Sunday, November 29, 2009

Get Over Yourself!, Part II

or: Selfishness vs. Self-Centeredness in Maintaining Friendships

Way back in October of 2008, I wrote an article titled Get Over Yourself!, or Selfishness vs. Self-Centeredness in Meeting New People. In that article, I contrasted the approaches of the rationally selfish man vs. the self-centered man in meeting new people. The selfish man, I explained, treats each new person as a potential value to be explored; while the self-centered man sees new people primarily as a potential receptacle for information about himself. The selfish man endeavors to make new people comfortable and asks them questions about their lives and interests; the self-centered man looks for opportunities to soliloquy about his own life and interests. The selfish man tends to make friends, influence people, nail the interview, and get the girl; the self-centered man comes across as arrogant and annoying.

Since the conflation of selfishness and self-centeredness is relatively common among Objectivists, I had always intended to follow-up on my 2008 article to further explore this widely misunderstood issue. And over a year later, it’s high time to do so. This time, I will contrast the approaches of the selfish vs. the self-centered man in maintaining friendships. I will conclude the series (ideally before 2011!) with a discussion of these principles in relation to long term romantic love relationships.

Long term friendships are among the most significant values one can attain in his lifetime. Their survival value is crucial in many ways, including: emotional support, psychological visibility, specializations in different hobbies and areas of knowledge (allowing one more effectively to expand his horizons), and as deep wells of spiritual fuel. So critical a value warrants special study, specifically how to gain and keep it. In the last article of this series, I discussed some methods of gaining and earning this value. This article will focus on how to keep it. So: how does the rationally self-interested man maintain friendships?

First, the selfish man acknowledges that long term friendships are indeed values which require maintenance. A friendship is not a static entity automatically formed and sustained given the existence of shared values. It requires work to create, build, and sustain. The selfish man understands this and looks for ways to build and nurture his friendships. The self-centered man does not understand this. He believes, in effect, that friendships spring into existence, grow in depth, fade away, or collapse into enmity -- all without action on his part. He does not consider ways in which he can build a friendship or contribute to its growth. He is often not even aware of the state of his own relationships: Are they healthy and thriving or sick and dying? He does not know, nor does he think it in his self-interest to care.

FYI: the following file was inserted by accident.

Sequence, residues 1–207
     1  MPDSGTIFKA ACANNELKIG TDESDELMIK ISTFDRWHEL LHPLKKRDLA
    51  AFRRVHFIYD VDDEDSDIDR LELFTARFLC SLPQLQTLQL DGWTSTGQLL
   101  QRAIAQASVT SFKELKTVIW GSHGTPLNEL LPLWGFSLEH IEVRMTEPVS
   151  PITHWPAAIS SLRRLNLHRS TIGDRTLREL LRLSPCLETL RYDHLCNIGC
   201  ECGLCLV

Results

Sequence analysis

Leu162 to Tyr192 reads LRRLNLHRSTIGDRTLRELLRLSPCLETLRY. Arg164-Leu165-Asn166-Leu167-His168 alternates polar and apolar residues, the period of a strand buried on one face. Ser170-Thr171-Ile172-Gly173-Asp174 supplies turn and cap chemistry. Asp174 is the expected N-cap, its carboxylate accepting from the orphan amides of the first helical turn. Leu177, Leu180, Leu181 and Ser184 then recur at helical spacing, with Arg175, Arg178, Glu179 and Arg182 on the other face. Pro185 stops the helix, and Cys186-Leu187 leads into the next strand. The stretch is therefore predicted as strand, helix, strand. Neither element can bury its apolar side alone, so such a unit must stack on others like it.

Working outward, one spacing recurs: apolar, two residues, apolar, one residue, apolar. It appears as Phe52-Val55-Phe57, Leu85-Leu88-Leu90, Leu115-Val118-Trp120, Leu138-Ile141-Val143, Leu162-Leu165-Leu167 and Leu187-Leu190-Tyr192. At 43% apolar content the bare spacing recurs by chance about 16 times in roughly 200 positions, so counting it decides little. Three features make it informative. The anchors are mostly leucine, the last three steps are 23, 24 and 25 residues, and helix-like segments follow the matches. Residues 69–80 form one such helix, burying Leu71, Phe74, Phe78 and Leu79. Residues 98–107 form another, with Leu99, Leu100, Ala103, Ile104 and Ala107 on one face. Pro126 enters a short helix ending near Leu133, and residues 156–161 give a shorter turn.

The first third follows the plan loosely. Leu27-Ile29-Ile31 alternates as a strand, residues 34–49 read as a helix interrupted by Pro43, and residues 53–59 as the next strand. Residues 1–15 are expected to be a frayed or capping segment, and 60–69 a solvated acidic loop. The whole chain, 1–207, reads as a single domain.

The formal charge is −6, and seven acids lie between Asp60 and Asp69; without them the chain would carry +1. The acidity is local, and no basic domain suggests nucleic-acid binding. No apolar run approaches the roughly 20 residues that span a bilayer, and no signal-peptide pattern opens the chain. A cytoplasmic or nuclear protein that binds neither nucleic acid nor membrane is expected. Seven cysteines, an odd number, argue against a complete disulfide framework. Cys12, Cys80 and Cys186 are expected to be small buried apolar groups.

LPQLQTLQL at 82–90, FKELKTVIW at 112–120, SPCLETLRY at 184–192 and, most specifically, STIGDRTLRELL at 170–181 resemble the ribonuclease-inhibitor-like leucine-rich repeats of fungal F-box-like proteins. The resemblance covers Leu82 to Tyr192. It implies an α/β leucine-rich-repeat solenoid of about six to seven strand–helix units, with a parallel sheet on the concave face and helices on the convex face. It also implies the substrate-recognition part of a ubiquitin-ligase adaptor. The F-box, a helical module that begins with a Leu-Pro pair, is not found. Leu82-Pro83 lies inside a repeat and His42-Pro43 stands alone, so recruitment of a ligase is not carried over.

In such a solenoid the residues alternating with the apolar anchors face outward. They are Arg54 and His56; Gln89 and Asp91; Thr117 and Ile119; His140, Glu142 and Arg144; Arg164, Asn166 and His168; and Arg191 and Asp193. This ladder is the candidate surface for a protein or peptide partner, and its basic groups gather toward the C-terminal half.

The selfish man places value on the individuating characteristics of his long term friends. By individuating characteristics, I mean those legitimate optional values (hobbies, interests, career, etc.) that make each man unique. Just as the selfish man initiates relationships by showing sincere interest and asking questions, so he continues to show interest and ask questions about his friends’ values throughout the life of a friendship. He does this even if he does not share those particular values. Such questions go a long way in adding depth to the relationship, even with regard to a friend’s minor hobbies.

For instance, I have no particular interest in World of Warcraft (WoW), but I have a good friend, Nancy, who absolutely loves it. When I talk to her on the phone, or visit her apartment, I often ask how her Blood Elf is doing, what new weapons the Elf has acquired, if she’s created any new characters, if she’s gotten into any new similar games, etc. And believe me, she can spend many happy hours waxing philosophical about WoW! This is a good example, because knowledge of WoW does not otherwise improve my life -- I don’t learn any special life lessons from these conversations. But I do gain a value from taking the time to talk to her about WoW: I am learning more about what makes this woman unique. Nancy would not be Nancy if she wasn’t a fanatic RPG enthusiast.

But her love of RPGs is only a small part of Nancy’s personality. With a friend’s more significant values, like career or children, it’s much more important to keep tabs on these things. For instance, I have no particular interest in the World of Wall St. (I don’t even read the Business section of the Newspaper), but my good friend Sherry has dedicated her life to it. She is a superstar in her field, and I am very proud to be her friend. But I would never have known how passionate she is, how competent a businesswoman, how brilliant her business acumen, had I not taken the time to talk to her about her work life. I take pleasure in hearing about the World of Wall St. from Sherry’s perspective. I share her elation when she closes an important business deal, and I share her pain when a client pulls out at the last minute. Gaining knowledge about the business world and her role in it serves to strengthen our relationship.